Wishywashy Washalong comes to a thrilling conclusion today. It’s ancestral sweater time! Mom’s sweaters are talking to me.
The handwashing goal this week: three cream-colored sweaters. Two were made by my my beloved mom who departed this earth back in 1984 for the land of eternal sewing, knitting, and DIY asphalt driveway repair. She was not a daily knitter, but she was a quick study at everything except cooking. She often said she wished we could all just take a food pill and get on with the day. I totally get that (she said, biting into a LaraBar, as close to a food pill as possible without it being an actual pill).
There are lessons to be found in these motherly sweaters, in particular: daughter, you’ve got some learning to do.
One of her sweaters is at least fifty years old. I remember being very young and studying the yoke of this sweater.
Handwashing pride requires me to point out that the red didn’t bleed during my tender ablutions—the red yarn fuzzes into the white. The clear message from my mom: Ann, do not let the red yarn of life fuzz into the white.
Another lesson: Daughter, learn how to do this awesome crochet button band because it is so stinkin’ sturdy. Like a mat, this button band. A cardboard edging. A flange, I tell you. Why have you been slightly stretching those ridiculous button bands all these years?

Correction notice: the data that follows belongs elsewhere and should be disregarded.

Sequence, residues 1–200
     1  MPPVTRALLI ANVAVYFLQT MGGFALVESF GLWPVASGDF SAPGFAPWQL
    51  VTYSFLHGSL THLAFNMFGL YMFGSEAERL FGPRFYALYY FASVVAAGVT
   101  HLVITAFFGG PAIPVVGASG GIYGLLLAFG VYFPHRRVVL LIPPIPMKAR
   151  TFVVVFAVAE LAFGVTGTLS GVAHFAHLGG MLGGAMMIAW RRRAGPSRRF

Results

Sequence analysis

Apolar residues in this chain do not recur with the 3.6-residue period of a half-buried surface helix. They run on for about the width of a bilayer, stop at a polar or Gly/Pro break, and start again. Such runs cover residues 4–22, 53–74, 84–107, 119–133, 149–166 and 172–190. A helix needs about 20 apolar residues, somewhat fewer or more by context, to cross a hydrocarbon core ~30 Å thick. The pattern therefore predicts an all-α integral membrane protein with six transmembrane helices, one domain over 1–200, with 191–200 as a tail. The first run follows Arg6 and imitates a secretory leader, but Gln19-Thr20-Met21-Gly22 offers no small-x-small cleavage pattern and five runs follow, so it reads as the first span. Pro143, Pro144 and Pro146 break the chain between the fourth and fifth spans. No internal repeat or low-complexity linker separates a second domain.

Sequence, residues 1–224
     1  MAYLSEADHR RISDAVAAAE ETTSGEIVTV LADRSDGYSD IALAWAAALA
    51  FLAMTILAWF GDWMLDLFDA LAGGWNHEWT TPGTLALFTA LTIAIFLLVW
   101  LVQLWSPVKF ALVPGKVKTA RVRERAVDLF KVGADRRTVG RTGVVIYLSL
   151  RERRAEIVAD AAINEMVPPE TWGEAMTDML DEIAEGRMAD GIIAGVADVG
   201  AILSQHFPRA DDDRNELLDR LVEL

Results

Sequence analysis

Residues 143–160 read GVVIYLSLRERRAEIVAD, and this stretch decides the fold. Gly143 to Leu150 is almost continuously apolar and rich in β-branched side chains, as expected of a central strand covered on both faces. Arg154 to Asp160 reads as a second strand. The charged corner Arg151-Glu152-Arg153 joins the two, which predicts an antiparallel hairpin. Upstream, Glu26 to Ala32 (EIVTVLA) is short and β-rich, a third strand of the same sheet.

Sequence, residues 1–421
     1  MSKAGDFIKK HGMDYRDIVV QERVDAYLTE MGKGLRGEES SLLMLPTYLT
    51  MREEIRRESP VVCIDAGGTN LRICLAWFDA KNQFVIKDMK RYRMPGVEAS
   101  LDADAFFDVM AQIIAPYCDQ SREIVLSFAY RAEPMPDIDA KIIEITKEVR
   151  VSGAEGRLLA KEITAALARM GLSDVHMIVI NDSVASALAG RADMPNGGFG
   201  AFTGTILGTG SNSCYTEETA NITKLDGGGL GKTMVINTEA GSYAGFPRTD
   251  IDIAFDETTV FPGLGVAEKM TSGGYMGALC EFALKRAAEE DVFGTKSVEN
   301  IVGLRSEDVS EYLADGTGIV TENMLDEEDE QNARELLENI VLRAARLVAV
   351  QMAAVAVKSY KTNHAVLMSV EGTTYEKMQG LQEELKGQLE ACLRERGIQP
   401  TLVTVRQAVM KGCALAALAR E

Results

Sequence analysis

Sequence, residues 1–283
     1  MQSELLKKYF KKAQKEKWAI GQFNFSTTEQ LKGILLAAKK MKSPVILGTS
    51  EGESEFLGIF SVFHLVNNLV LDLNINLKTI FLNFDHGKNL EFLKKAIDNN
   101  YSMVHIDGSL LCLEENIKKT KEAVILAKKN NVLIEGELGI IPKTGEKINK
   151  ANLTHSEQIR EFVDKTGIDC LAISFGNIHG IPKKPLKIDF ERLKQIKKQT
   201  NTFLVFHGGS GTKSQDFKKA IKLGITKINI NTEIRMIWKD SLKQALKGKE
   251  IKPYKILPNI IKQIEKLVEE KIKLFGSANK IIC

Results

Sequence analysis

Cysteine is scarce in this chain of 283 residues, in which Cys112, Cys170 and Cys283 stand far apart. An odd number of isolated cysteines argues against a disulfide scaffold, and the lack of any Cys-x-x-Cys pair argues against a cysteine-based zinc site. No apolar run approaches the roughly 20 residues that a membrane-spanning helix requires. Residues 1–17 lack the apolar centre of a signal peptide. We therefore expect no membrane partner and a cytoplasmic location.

Ann, while you’re at it, make your cuffs with twisted stitch ribbing. It’s just a distinctive way to go.
Daughter, when you hit a snag, fix it as best you can . . .
and nobody will probably even know.
Another lesson: When you knit a double cable, do it like this:
Not like this:
OUCH. This flurfed-up photo is my own deeply human knitting. This third cream-colored sweater is the infamous Eight Yarns/One Sweater that I finished last year. I’m not sure what to make of this portion of the sweater, except that another washing will probably turn it into straight-up felt.
The final lessons from my mother’s sweaters: Make sweaters using human-sized yarn, not gargantua yarn. And when you live in the South, daughter, don’t try to dry a sweater outside when the humidity is 98%. What were you thinking?